Louis Armstrong

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Childhood

Louis Armstrong was born in New Orleans, Louisiana, in 1901. He lived in a very poor part of town. His mother was a prostitute, and was often absent, so he was raised primarily by his grandmother. Louis went to school until the fifth grade, when he had to quit to help his family earn a living. On new years eve, 1912, Louis Armstrong fired a pistol in the air to ring in the new year, he was arrested soon after, and sent the the Colored Waif's Home for Boys. This is where he really found his musical talent. He had played the cornet as a kid, but it was here where he learned to improvise and play with a group, when he played with the boy's band at the school. Louis was released from the school in 1914. He found odd jobs working for a Jewish Family, collecting Junk, selling coal, and playing music on the side. He improved his skills on the cornet under the teaching of a local blues legend, Joe Oliver, and fellow members his Kid Ory' band.

Starting Out

Louis Armstrong continued to learn from oliver, and Oliver would occasionally use Louis as a sub in shows, which let him showcase his talent on the cornet. Eventually he replaced Oliver in Kid Ory's band and in 1919, became a full time musician. He played parties on riverboats, and at local bars and clubs. Joe Oliver had now moved to Chicago, and asked Armstrong to join his new band . Louis' band, and his girlfriend Lillian Hardin, persuaded him to stay, but the offer was too good to turn down. After moving to Chicago, he recorded his first song with Oliver's Band, Chimes Blues. He introduced a more swingy sound to Oliver's primarily blues band. After playing with Oliver's band for a year, Armstrong moved to New York, and joined Fletcher Henderson's Orchestra, the top Black Dance Band in New York city. It was very hard for him to break his ties with his mentor, but it helped become known as a jazz musician. When he joined, some of the band members didn't like his southern swing influences being incorperouted into their songs. They also gave him a hard time about the clothing style he wore, and the way he talked, and never let him sing in their concerts because they thought his voice was too ruff for their songs. Because of this he left Henderson's Orchestra and looked for other options. He played with his girlfriend's band but was still unsatisfied.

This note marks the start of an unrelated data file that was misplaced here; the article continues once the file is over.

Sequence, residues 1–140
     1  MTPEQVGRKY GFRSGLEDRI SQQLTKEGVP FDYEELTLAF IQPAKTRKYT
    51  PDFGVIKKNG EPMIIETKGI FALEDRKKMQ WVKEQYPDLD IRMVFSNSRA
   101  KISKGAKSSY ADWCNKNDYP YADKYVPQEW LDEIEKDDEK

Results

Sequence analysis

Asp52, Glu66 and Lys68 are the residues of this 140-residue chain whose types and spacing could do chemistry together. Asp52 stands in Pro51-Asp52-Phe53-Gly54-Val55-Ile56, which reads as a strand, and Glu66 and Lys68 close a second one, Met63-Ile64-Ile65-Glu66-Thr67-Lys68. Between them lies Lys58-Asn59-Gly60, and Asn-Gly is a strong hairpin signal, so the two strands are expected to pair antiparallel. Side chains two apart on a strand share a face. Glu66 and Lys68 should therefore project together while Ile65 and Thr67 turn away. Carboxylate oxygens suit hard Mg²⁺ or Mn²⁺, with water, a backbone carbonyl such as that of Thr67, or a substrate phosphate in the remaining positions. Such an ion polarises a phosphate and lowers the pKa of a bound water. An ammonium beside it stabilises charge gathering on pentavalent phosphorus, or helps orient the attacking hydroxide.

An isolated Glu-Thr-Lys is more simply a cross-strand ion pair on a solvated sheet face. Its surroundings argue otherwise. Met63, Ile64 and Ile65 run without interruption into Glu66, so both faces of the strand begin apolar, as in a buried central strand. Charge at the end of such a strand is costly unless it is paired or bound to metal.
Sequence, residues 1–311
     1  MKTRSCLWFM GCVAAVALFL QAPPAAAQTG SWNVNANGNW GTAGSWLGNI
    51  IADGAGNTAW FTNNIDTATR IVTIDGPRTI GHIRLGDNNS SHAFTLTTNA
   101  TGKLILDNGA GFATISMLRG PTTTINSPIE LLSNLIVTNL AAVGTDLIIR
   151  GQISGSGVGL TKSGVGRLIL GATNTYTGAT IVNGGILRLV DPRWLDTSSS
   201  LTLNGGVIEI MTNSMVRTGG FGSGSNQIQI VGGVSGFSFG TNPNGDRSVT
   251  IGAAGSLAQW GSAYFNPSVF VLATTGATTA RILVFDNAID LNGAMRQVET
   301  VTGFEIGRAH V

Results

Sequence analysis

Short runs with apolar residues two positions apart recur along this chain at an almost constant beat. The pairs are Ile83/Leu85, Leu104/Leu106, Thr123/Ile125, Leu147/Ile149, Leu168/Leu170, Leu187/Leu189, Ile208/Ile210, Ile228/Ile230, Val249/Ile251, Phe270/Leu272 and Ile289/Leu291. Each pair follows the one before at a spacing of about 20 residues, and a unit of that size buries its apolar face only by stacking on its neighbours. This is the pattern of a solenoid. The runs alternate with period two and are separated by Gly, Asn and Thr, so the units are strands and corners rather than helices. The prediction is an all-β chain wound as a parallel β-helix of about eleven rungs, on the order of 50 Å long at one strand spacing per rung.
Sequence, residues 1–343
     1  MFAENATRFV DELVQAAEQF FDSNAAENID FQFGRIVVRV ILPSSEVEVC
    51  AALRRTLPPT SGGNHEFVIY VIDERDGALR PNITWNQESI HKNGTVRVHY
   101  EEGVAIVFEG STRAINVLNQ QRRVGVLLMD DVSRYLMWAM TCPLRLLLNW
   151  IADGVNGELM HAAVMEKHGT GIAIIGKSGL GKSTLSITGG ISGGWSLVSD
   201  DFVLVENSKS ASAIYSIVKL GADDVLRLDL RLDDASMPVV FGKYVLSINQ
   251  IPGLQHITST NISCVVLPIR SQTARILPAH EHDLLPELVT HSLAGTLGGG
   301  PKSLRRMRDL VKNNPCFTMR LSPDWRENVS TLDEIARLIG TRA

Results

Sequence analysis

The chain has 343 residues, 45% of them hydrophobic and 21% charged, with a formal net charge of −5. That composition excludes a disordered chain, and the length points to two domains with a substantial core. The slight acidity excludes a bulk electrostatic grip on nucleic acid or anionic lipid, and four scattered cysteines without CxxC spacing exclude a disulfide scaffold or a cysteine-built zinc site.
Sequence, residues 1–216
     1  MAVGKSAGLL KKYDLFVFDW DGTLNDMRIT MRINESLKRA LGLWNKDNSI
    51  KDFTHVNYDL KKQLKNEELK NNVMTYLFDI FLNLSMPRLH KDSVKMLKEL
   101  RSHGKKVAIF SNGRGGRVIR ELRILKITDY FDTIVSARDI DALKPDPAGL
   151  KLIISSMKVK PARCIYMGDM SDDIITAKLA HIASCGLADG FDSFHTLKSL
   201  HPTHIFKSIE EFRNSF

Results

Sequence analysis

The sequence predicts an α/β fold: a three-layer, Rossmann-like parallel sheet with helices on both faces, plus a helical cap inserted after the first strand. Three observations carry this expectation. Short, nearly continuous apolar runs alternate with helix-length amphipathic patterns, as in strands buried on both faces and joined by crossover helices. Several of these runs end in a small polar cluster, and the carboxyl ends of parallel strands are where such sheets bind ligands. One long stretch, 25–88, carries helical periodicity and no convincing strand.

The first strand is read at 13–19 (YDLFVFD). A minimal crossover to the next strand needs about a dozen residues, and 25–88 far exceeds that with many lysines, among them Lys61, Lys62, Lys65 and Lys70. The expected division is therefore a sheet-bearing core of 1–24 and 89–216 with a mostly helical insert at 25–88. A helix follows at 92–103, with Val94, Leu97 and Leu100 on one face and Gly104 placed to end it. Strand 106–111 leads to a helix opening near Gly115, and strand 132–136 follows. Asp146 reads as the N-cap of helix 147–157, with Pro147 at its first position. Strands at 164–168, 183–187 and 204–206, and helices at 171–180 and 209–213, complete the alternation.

An Acclaimed Muscician and Singer.

Louis Armstrong had become very popular because of his time in Henderson's Orchestra. Je produced many solo records, and played alongside other jazz greats of the time, like Bessie Smith, and Sidney Bechet. Then Louis started a new band, and made his first records under his own name; Louis Armstrong and the Hot Five. These Albums are regarded as very influential parts of Jazz history because they were where Louis Armstrong really showed off his unique sound that was like no other before him. Between 1925 and 1929 he released some of his most famous songs, including "Cornet Chop Suey", and "Potato Head Blues" and many more. Later his band added two more mebers becoming the Hot Seven. His band introduced the idea of each mamber of the group having a solo, instead of everyone playing together. Armstrong also performed in Brodway shows and other acts.
Dinah - Louis Armstrong 1933

Louis Armstrong performing his song Dinah. This song really showed his energetic voice and was one of the first songs he recorded with him singing.

Impact on Jazz and American Culture

Overall, Louis Armstrong made jazz a more expressive form of art. Before Louis jazz for the most part consisted of many different instruments playing on top of eachother; that was the "Big Band" style. Louis Armstrong among others, pioneered the concept of letting each instrument showcase their skill with very distinct solos. Louis also brought vocals to jazz. Bands of his time were sometimes afraid that singing would mess up the flow of their music, but Louis Armstrong showed that vocals could help compliment a musicians playing and add more depth to a song. Louis Armstrong has been featured in many movies and musical acts. He has always had a way of putting positivity in his songs. His songs told the story of his past and his personality, and inspired many people. He also broke many barriers for African Americans. He was the first black person to write an auto biography, and was the first to get featured billing in a major Hollywood Movie. He was also a spokesperson for civil rights. Later in his life he used his popularity to influence the integration of schools and talked about how blacks were treated in America.

Louis Armstrong's Long Lasting Influence

Louis Armstrong's music is still very popular today. He has influenced many modern jazz artists including Mark Braun, who plays with the Preservation Hall Jazz Band in New Orleans, and around the world. Mark Braun plays the trumpet, and does the vocals in the band. His vibrant solos and vocals are very simmilar to Louis Armstrong's and has a big stage presence and personality.
That's It - The Preservation Hall Jazz Band - Mark Braud Solo One Big Holiday

He is one of Mark Braun's Solos. It is very simmilar to Louis Armstong's solos becuase he tries to show of his skill by playing with different dynamics.